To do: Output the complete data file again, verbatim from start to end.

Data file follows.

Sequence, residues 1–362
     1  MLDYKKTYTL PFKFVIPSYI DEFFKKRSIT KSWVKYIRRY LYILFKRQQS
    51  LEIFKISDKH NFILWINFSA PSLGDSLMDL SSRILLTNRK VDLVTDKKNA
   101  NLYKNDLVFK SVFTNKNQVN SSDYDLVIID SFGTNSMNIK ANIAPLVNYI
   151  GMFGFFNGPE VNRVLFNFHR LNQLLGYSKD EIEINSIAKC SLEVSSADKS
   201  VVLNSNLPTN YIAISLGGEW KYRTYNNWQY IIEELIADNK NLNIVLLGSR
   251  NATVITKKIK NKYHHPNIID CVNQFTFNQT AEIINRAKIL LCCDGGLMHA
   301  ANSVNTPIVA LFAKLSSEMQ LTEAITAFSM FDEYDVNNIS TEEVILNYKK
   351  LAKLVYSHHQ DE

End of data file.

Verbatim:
Sequence, residues 1–362
     1  MLDYKKTYTL PFKFVIPSYI DEFFKKRSIT KSWVKYIRRY LYILFKRQQS
    51  LEIFKISDKH NFILWINFSA PSLGDSLMDL SSRILLTNRK VDLVTDKKNA
   101  NLYKNDLVFK SVFTNKNQVN SSDYDLVIID SFGTNSMNIK ANIAPLVNYI
   151  GMFGFFNGPE VNRVLFNFHR LNQLLGYSKD EIEINSIAKC SLEVSSADKS
   201  VVLNSNLPTN YIAISLGGEW KYRTYNNWQY IIEELIADNK NLNIVLLGSR
   251  NATVITKKIK NKYHHPNIID CVNQFTFNQT AEIINRAKIL LCCDGGLMHA
   301  ANSVNTPIVA LFAKLSSEMQ LTEAITAFSM FDEYDVNNIS TEEVILNYKK
   351  LAKLVYSHHQ DE